The Jewish holiday of Passover celebrates the Exodus from Egypt and freedom from slavery. Celebrated for seven or eight days, depending on where you live, Passover requires all followers to abstain from eating leavened bread, known as chametz, for the entirity of the holiday. This is to symbolize the Hebrews' hurry to leave the land of their enslavement and their inability to wait for their bread to rise. The Torah demands for all Jews to observe this holiday to recognize the past enslavement and thank God for freedom. The holiday is also a celebration of Spring time and honors the bountiful harvest that comes with it. This guide gives a basic rundown of the Passover holiday and all of the items necessary for the proper celebration. Chag Sameach! (That's happy holidays in Hebrew)


So, if you can't eat anything leavened, then what can you eat? The first food that comes to mind when anyone thinks of Passover is usually Matzah farfel is a broken up type of matzah that is used for stuffings and bakes. Aside from the fact that there can be no yeast used in anything that is Kosher for Passover, there are many other guidelines, too. Legumes are out of commission for this holidayKosher for Passover establishment throughout the holiday in order to be absolutely certain that there is no chametz to be found.

The Seder

The Seder ceremony is also a huge part of the celebration of Passover. The word Seder means order in Hebrew, and an order is essentially what a Seder is. Usually led by the head of the household, the Seder is an order of readings and prayers spoken aloud and talked about for the sake of honoring the holiday. This order can be found in the appropriate prayer book, known as the Kiddish cup left on the Seder table for the prophet Elijah.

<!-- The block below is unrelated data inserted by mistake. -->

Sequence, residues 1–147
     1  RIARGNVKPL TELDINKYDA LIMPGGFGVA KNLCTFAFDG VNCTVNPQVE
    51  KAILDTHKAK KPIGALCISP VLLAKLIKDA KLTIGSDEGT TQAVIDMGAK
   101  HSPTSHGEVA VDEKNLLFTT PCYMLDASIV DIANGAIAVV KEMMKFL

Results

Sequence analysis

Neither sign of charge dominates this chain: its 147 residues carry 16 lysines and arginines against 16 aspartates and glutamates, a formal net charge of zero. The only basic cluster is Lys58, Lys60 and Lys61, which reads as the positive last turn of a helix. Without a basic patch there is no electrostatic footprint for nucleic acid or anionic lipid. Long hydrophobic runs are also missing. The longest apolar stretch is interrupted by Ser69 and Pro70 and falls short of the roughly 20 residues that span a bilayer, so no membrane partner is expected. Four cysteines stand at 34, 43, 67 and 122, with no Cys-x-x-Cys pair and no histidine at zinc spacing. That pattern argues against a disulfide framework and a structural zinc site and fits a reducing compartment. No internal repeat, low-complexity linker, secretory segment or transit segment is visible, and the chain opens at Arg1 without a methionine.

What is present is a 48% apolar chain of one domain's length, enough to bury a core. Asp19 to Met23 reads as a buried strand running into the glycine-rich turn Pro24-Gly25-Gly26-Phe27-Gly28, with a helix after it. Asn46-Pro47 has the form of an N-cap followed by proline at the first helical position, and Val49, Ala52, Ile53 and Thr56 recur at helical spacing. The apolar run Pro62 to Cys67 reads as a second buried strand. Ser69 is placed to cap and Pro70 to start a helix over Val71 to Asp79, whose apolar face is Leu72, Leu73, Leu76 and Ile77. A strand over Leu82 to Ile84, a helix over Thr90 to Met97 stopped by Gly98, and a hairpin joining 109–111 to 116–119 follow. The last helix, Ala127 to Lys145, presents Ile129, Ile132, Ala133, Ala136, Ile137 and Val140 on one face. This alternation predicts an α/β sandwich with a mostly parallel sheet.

Other Information

In Israel, the Jewish Homeland, Passover is celebrated for only seven days. In addition, Israelis and those residing in Israel for the Passover holiday are only required to have one Seder. Those everywhere else are required to have two ceremonies.  If you are not in Israel, at the end of each Seder it is traditional to announce, B'shanah Haba'a B'Yerushalayim or Next Year in Jerusalem. This is for the hope that next year, everyone will return to Israel, the Jewish homeland, and celebrate such a high holiday there.  

Some Kosher for Passover Brands

* Manischewitz * Osem * My Kosher Market features many different brands organized by category.